• Once you're back at a resting state, begin the practice again. As for how many times to go through this cycle, that's up to you, but I recommend you do fewer 'reps' in each session but have more frequent sessions (eg. only go through the cycle 3 times in a session, but have practice sessions many times a week). You can also mix up the exercise with push-ups one day, squats another day, a climbing activity another instance, taichi another instance, etc. As noted, this kind of practice can be integrated into everday-day activities - something as simple as opening a door or picking up & putting down a bag can be an opportunity to practice synchronizing breath and movement.

This routine of controlled excitation then relaxation is used by professional athletes (and was mentioned in a TGO.SE Q&A about scuba) as a way to develop more control over your breath, greater lung capacity, and importantly, more relaxed breathing during times of stress and exercise. As this aids in the performance of martial artists, yoga practitioners, and olympic athletes, I think it will also aid you in climbing.


A specific example of how this would be applied in climbing (disclaimer - I don't climb often, but I do apply this regularly in basic acrobatics and other sports and speak with folks who apply this technique in a variety of activities):

As you begin and work through your climb, maintain a rhythmic, deep breath that uses your entire lungs, from chest to belly. When you reach, swing, push or pull up with hands or feet in a way that takes extra 'umph', make sure you begin the movement with a strong exhale or inhale. You should do this for all movements if possible but especially for moves that take extra energy or courage. You would begin a movement with eg. inhaling - a moment after your inhale begins you would begin the movement - with the inhale and the intended movement completing around the same time.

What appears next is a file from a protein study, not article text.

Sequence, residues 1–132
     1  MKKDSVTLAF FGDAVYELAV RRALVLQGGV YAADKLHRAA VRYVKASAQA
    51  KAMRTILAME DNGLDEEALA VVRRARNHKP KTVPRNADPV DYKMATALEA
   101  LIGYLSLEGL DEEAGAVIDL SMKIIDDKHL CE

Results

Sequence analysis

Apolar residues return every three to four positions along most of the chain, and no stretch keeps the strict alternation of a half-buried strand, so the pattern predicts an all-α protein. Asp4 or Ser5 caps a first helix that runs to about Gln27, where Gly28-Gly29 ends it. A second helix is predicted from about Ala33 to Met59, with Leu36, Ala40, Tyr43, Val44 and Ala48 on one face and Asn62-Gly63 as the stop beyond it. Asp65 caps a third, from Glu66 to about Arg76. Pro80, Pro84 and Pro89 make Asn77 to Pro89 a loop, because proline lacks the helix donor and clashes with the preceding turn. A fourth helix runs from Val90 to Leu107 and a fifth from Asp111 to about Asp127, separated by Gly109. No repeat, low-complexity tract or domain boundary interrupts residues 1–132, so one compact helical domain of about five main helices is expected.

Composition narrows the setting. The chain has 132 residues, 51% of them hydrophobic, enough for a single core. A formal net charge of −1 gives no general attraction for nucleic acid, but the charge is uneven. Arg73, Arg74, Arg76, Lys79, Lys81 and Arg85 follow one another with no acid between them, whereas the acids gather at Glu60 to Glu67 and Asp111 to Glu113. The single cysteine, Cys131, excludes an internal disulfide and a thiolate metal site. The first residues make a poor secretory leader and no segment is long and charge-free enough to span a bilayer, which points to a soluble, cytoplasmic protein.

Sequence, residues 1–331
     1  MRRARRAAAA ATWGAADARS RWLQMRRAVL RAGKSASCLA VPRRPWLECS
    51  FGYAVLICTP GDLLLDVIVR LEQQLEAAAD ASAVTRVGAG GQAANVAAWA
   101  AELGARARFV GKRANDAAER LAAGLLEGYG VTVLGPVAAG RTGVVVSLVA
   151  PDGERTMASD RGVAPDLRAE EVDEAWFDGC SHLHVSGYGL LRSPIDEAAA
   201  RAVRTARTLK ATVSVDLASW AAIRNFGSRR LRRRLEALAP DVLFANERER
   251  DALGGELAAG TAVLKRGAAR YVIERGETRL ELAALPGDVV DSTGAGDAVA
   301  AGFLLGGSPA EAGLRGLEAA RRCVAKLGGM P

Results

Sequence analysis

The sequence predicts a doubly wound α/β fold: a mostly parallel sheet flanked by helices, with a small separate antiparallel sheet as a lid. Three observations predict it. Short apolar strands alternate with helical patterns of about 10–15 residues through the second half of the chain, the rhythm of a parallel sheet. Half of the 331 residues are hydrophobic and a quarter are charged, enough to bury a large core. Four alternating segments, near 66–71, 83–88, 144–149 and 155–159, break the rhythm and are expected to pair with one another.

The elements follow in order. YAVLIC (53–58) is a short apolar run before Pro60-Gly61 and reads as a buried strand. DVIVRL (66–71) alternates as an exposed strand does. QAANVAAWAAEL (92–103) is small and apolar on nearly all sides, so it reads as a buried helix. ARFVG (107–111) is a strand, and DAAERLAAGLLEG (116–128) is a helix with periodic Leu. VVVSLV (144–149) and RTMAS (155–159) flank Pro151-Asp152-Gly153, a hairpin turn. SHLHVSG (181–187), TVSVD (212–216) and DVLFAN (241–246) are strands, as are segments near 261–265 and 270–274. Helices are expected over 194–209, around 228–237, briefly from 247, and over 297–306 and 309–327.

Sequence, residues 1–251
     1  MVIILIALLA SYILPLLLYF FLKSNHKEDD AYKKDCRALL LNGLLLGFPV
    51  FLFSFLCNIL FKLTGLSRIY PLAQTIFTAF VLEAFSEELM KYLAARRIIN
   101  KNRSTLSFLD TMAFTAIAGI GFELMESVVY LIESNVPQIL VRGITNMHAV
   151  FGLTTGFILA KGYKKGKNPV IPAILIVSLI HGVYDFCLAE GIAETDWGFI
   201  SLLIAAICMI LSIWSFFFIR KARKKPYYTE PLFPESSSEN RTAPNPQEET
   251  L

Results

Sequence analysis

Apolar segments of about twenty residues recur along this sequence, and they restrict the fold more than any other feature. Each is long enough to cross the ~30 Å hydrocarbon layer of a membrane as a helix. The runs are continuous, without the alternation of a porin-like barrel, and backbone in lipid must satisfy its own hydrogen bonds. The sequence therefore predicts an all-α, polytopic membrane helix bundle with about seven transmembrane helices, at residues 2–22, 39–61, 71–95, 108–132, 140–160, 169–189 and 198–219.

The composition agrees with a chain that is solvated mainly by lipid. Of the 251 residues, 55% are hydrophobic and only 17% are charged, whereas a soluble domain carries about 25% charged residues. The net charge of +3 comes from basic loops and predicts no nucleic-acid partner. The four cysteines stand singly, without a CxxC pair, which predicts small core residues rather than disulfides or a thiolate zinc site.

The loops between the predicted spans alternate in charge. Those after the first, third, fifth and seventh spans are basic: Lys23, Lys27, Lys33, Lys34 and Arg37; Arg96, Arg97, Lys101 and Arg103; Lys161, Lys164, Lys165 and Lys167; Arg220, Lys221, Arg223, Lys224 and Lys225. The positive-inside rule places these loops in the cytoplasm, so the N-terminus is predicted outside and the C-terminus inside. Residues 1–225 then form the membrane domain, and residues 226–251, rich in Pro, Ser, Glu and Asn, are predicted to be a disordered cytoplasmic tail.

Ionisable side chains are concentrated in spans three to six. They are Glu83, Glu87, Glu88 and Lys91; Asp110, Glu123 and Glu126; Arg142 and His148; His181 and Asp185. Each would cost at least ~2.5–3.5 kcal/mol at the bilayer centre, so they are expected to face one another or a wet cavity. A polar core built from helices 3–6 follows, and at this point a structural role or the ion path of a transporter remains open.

Throughout your climb, try to keep steady breathing that uses your entire lungs (and accordingly, you'll need steady or smooth movements to match that). You'll find you need to keep your body more relaxed and your motions more rhythmic. The 'relaxed' part is probably the most difficult, because you may tend to tense up muscles in use and put more strain than needed on the main muscle you're using. A key to relaxing is putting minimal tension on muscles - only enough to do what needs to be done - and also working with your entire body to make efficient, balanced movements to 'distribute' muscle tension and keep you most relaxed overall.

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    +1 For an answer covering both the general and the specific case. Also I remember doing breathing/relaxing exercises in Systema (a russian martial art/self defense system) that sound quite similar actually. I'd just have never thought to apply these to bouldering also. :) – fgysin reinstate Monica Feb 16 '17 at 15:50
  • @fgysin this technique is the one practiced extensively in Systema, as well as in other martial arts. It's useful for all sorts of activities. – cr0 Feb 16 '17 at 16:10